In late April, labor and business leaders from around the Badger State stood up the Wisconsin Domestic Maritime Coalition (WIDMAC) as the voice of the domestic maritime industry in Wisconsin. The coalition, comprised of leading unions and employers from throughout the state, launched with an announcement of 41% growth of domestic maritime industry jobs in Wisconsin. These jobs are critical to the state’s supply chain, enabling the delivery of vital resources and supplies that businesses and citizens need during the COVID-19 pandemic. According to the findings of a new report conducted by PricewaterhouseCoopers on behalf of the Transportation Institute (TI), Wisconsin ranks among the top 20 states in the nation for the number of domestic maritime jobs, employing 9,670 individuals and generating more than $635.3 million in worker income. This thriving industry produces $2.2 billion annually for the Wisconsin economy – an 88% increase since the previous study was completed. The backbone of the domestic maritime industry is the Jones Act, serving as a pillar of economic strength and job creation for Wisconsin. Specifically, this law states that the transportation of cargo between U.S. points is reserved for ships that are crewed, built, owned and flagged American.
The new coalition will educate state leaders, media, and policymakers on the importance of this vibrant, growing industry, fighting for the nearly 10,000 domestic maritime workers in the state who continue to keep America’s supply chain moving forward in a safe and efficient manner. “It’s a fact – the Jones Act is a jobs creator and economic driver for Wisconsin,” said Michael Gerhardt, president of WIDMAC and vice president of the Dredging Contractors of America. “Shipyards alone account for more than 8,000 jobs and $437.2 million in worker income, having delivered over 1,800 American- made vessels for the U.S. government and private sector, including over 60 dredges. Deep-draft commercial ports and small recreational harbors are dredged and kept open by second- and third-generation family-owned, entrepreneurial U.S. companies, enabling domestic shipping companies to move millions of tons of cargo each year, which boosts local economies and strengthens the overall health of the state.”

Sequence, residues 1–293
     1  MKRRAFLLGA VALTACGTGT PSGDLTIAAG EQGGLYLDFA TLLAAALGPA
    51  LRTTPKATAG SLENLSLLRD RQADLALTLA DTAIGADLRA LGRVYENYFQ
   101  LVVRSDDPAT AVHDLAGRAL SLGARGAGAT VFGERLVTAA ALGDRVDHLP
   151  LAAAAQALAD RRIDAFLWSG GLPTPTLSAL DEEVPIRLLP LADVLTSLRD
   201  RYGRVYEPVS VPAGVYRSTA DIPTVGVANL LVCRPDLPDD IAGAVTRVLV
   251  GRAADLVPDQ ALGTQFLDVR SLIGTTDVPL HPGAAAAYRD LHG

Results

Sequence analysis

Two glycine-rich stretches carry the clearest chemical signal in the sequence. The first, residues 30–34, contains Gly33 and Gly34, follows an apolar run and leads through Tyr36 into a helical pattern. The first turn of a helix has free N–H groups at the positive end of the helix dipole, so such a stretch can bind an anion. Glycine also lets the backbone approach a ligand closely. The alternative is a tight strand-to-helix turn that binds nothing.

James Weakley, president of the Lake Carriers’ Association, said, “Great Lakes vessels carry the raw materials that drive the nation’s economy. Our lakers are crucial to keeping the American economy running, and maritime workers across Wisconsin have stepped up to meet demand during the COVID-19 pandemic. Our ships are made and maintained in Wisconsin shipyards and move iron ore, grain, and coal from Wisconsin ports and deliver salt, cement, stone, and fuel to Wisconsin docks. With many of our sailors living in Wisconsin, we proudly stand up for this vibrant, all-American maritime economy.”
“The state of Wisconsin is a leader in the domestic maritime industry, supporting over 9,000 family-wage jobs and contributing over $2.2 billion to the economy,” said James L. Henry, TI chairman and president. “The findings in our most recent study and growing impacts in Wisconsin demonstrate the strength and necessity of the Jones Act.”
“These numbers show how the Jones Act is crucial to not only national security but also economic security and job growth. We’re proud to see the domestic maritime industry’s investments in Wisconsin lead to job growth like this,” said Michael Roberts, president of the American Maritime Partnership.
Thanks to the Jones Act, the domestic maritime industry now employs approximately 650,000 Americans across all 50 states, creates $41 billion in labor income for American workers, and adds more than $154.8 billion in annual economic output each year. Nationally, there are more than 40,000 American vessels – built in American shipyards, crewed by American mariners, and owned by American companies – that operate in our waters 24-hours a day, seven days a week.